So what exactly is this holiday we celebrate, in the loosest sense of that word, on Monday? It is popularly, widely and wrongly called Presidents Day, but the certainty of that designation is belied by the fact that sometimes it is Presidents’ plural and sometimes President’s singular. It is neither. It is Washington’s Birthday, although unless the holiday falls on Feb. 22 it isn’t really that either.
The U.S. Office of Personnel Management says it is Washington’s Birthday and since it is a federal holiday and this is a federal agency talking, OPM has the last word — not that anybody is listening.
George Washington’s birth date was celebrated unofficially almost from his presidency, but didn’t become official — and federal — until 1885. In 1968, a year when a lot of strange things happened, it was decided to move some federal holidays to Mondays to create three-day weekends. Starting in 1971, the father of our country got the third Monday in February.
The question inevitably arose: But what about Abraham Lincoln? His birthday is Feb. 12, and while never a federal holiday, it was observed in some states. Giving federal workers another holiday probably struck the Nixon administration as way too French by way of leisure, so it was decided that the day would remain Washington’s Birthday, but also celebrate Abraham Lincoln.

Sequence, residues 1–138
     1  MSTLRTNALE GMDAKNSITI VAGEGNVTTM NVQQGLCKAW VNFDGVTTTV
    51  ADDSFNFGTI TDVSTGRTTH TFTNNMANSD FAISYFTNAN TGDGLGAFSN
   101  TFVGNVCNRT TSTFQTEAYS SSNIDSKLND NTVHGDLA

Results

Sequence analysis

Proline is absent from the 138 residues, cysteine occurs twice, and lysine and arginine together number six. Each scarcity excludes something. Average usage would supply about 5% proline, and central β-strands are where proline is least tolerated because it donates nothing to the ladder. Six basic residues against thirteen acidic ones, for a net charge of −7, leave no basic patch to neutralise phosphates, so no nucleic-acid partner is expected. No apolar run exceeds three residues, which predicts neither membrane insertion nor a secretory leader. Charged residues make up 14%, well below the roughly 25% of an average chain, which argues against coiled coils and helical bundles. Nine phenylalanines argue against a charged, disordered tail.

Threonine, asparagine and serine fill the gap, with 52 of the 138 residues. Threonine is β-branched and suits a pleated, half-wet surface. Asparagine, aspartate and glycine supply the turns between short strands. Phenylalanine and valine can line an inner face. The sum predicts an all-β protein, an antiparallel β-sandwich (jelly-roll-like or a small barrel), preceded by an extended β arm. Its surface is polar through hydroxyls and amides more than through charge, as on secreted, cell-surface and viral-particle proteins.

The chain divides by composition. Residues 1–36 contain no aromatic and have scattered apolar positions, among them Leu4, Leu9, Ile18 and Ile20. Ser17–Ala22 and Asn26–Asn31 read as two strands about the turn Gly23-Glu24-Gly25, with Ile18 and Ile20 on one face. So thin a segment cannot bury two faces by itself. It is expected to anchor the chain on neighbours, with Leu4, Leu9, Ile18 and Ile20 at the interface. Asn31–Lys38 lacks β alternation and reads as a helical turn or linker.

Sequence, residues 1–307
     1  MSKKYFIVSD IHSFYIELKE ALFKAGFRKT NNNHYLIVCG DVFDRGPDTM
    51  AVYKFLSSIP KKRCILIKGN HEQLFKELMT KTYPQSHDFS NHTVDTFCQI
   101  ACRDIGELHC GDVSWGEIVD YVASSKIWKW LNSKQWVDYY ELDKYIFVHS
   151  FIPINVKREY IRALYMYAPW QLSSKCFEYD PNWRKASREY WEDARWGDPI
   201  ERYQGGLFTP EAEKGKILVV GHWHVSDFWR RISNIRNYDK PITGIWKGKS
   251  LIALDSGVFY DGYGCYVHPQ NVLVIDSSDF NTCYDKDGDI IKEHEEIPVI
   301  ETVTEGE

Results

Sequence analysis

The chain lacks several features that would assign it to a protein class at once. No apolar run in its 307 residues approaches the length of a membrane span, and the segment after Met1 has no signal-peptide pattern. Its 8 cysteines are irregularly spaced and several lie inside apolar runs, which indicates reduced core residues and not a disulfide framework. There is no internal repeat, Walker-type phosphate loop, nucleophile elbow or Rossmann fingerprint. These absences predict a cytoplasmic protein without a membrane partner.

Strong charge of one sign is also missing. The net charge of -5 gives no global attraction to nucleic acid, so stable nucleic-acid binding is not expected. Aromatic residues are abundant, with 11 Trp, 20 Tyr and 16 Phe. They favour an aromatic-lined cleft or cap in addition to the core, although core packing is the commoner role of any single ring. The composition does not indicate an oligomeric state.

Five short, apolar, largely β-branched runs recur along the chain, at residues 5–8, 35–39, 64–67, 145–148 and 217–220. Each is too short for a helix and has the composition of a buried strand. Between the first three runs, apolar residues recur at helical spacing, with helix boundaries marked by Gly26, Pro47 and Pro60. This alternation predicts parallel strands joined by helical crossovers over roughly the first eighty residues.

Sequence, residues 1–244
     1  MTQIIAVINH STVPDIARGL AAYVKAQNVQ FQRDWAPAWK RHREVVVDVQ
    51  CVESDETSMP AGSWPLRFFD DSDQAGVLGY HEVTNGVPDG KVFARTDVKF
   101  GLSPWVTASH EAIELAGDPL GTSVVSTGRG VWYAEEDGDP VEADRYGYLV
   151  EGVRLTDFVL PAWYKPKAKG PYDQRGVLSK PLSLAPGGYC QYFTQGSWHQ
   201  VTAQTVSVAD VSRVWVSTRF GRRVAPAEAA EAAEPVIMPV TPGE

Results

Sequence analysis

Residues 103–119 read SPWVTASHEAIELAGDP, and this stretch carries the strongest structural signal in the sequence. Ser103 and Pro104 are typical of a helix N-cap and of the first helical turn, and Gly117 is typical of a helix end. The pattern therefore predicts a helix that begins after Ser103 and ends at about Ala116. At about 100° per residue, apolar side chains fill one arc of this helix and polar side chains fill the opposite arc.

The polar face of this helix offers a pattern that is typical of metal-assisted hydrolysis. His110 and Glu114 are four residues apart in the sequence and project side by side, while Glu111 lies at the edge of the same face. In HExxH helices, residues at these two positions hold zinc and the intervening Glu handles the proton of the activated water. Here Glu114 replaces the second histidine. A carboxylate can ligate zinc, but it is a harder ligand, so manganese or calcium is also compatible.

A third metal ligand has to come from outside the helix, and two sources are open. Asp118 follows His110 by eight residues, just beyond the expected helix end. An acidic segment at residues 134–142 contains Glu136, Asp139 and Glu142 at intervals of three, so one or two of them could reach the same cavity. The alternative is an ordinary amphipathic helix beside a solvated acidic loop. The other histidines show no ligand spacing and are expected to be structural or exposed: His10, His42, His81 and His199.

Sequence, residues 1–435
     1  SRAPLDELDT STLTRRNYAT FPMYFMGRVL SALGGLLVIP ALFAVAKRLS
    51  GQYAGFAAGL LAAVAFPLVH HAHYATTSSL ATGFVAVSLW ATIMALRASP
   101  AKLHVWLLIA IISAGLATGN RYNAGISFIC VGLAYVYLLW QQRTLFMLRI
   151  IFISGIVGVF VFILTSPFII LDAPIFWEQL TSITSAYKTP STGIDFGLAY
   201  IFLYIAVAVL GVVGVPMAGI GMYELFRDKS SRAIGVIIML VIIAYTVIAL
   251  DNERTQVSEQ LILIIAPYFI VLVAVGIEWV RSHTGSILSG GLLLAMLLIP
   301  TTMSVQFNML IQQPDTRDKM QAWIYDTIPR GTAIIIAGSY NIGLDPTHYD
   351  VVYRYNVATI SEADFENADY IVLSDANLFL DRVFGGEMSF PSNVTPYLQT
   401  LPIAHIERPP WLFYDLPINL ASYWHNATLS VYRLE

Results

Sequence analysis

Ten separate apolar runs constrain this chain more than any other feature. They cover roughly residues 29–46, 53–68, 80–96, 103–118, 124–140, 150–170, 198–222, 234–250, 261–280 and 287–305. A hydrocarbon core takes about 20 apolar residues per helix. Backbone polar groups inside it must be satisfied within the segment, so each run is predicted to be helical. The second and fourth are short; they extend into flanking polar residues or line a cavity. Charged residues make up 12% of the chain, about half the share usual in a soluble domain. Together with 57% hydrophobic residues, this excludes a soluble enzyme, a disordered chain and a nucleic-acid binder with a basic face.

That kind of ambiguity resolved itself into the amorphous Presidents’ Day. If that were truly what the public wanted, we should celebrate a separate president each year, Adams, Jefferson, Madison, etc. until we cycle through all 42 of them. (Grover Cleveland gets only a single observance.) But about the time we got to William Henry Harrison — only 31 days in office — people would ask, “Why are we doing this?”
Americans don’t need to be reminded that we’ve had some perfectly dreadful presidents, but it doesn’t hurt to be reminded of the remarkable individual who was there at the creation — the Revolution, the Constitutional Convention, the first president.
Happy Washington’s Birthday.